• Hand movement indicates flexible hands. This condition implies that the arm would have to support flexion in the hands. An artificial arm with hand movement ability was probably beyond the technology available in 1967.
  • The Russian finding on the similarity between the foot casts and the creature’s foot was confirmed.
  • Preliminary findings indicate that a human being could not duplicate the forward motion part of the creature’s walking pattern.
  • Rippling of the creature’s flesh or fat on its right side was observed indicating that a costume is highly improbable.
  • The creature’s feet undergo flexion like a real foot. This finding eliminates the possibility of fabricated solid foot apparatus. It also implies that the leg would have to support flexion in the foot. An artificial leg with foot movement ability was probably beyond the technology available in 1967.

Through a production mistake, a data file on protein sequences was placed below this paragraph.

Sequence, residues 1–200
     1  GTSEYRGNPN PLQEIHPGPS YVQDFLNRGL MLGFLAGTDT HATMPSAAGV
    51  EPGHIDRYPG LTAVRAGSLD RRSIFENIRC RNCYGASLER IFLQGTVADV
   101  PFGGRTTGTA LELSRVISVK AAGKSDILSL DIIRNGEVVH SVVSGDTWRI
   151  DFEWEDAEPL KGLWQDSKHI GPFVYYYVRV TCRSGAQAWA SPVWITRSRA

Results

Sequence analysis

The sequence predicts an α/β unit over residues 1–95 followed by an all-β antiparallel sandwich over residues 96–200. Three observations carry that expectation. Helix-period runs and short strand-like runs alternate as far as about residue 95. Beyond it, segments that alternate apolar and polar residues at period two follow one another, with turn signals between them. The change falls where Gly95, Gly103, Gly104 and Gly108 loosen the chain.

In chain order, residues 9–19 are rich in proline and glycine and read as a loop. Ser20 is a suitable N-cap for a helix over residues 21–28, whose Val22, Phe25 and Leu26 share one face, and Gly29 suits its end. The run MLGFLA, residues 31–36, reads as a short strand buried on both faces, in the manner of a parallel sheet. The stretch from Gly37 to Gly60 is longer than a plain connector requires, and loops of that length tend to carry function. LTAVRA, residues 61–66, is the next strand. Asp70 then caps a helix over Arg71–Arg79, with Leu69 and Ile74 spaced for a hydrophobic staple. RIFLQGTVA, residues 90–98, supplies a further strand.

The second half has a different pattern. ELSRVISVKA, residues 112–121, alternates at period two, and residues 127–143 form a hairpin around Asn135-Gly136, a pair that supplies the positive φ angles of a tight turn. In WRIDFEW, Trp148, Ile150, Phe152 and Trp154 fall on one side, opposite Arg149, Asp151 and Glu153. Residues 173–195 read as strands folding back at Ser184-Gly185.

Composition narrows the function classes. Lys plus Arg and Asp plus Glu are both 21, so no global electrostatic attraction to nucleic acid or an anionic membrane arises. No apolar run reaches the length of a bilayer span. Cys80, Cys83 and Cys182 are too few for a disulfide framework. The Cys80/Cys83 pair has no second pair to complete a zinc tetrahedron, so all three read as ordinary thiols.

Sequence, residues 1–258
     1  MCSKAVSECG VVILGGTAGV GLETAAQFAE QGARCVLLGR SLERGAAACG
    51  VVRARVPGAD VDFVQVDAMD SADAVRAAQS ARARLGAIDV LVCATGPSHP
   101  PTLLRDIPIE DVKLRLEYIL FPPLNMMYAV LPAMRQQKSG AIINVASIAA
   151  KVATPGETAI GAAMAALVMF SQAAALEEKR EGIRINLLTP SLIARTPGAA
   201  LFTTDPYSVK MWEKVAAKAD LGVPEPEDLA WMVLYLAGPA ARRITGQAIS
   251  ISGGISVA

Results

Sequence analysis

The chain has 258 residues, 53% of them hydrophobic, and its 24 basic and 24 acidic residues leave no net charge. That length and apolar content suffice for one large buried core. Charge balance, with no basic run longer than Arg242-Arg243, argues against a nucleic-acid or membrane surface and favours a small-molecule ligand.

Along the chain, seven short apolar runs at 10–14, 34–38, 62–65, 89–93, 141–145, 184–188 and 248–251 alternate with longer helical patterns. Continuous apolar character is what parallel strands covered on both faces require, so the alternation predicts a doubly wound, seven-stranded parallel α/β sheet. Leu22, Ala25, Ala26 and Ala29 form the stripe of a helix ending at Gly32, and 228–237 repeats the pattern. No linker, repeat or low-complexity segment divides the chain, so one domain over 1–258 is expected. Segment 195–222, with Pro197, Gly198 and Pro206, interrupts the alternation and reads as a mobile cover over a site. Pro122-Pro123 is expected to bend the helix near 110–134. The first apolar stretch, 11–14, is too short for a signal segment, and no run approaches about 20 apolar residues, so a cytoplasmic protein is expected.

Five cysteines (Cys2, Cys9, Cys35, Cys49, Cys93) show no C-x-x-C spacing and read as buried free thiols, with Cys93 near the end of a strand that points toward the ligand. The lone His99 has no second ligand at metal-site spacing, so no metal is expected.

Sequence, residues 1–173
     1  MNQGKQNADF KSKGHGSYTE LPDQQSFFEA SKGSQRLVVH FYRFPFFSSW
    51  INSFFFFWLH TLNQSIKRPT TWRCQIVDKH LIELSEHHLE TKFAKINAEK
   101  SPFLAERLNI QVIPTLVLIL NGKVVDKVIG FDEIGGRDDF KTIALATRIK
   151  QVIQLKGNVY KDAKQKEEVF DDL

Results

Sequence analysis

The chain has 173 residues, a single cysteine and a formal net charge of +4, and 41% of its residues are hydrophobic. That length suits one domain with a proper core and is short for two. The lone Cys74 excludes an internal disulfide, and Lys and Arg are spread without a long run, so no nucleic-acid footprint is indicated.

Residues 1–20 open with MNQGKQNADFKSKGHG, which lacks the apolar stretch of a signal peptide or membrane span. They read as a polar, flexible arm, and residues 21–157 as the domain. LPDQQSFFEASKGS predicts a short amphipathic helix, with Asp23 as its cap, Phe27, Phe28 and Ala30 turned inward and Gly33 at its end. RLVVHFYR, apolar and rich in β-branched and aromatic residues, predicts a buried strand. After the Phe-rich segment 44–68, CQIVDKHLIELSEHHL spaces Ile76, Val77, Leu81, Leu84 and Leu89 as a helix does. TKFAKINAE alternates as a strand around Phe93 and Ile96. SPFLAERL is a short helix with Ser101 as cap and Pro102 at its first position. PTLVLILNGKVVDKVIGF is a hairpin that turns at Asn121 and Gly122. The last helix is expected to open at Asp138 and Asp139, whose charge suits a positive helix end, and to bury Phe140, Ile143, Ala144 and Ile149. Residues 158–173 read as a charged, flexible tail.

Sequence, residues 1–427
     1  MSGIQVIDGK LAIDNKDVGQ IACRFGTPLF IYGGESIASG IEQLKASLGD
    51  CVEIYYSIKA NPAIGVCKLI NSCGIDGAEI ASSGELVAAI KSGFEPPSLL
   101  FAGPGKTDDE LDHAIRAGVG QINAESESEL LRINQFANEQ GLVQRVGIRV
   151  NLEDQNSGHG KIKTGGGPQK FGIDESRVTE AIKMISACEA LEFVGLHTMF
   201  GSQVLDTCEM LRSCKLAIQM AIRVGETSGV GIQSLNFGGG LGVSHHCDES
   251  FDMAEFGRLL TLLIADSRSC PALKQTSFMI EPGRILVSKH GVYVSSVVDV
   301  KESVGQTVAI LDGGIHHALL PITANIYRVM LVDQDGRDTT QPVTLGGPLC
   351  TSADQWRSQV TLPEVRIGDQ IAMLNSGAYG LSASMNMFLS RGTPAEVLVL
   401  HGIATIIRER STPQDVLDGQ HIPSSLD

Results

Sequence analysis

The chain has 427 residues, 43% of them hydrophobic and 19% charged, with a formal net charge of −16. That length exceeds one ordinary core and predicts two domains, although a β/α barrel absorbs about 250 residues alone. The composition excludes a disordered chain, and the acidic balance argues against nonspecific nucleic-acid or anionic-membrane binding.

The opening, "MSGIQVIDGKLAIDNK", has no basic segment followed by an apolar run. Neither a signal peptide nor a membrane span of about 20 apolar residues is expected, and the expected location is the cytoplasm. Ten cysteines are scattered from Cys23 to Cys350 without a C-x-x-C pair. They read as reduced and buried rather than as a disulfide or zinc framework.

• The appearance and sophistication of the creature’s musculature are beyond costumes used in the entertainment industry.
  • Non-uniformity in hair texture, length, and coloration is inconsistent with sophisticated costumes used in the entertainment industry.

Mr. Glickman closes his scientific findings with the following statement: “Despite three years of rigorous examination by the author, the Patterson-Gimlin film cannot be demonstrated to be a forgery at this time.”

Glickman’s estimates of the creature’s height and weight caused a lot of controversy. Dr. Grover Krantz has since established that the creature’s standing height (fully erect) did not exceed 6-feet, 6-inches. Another scientist has established that the creature’s weight was 820 pounds. These findings call into question other physical measurements (chest, waist, arms, legs) established by Glickman.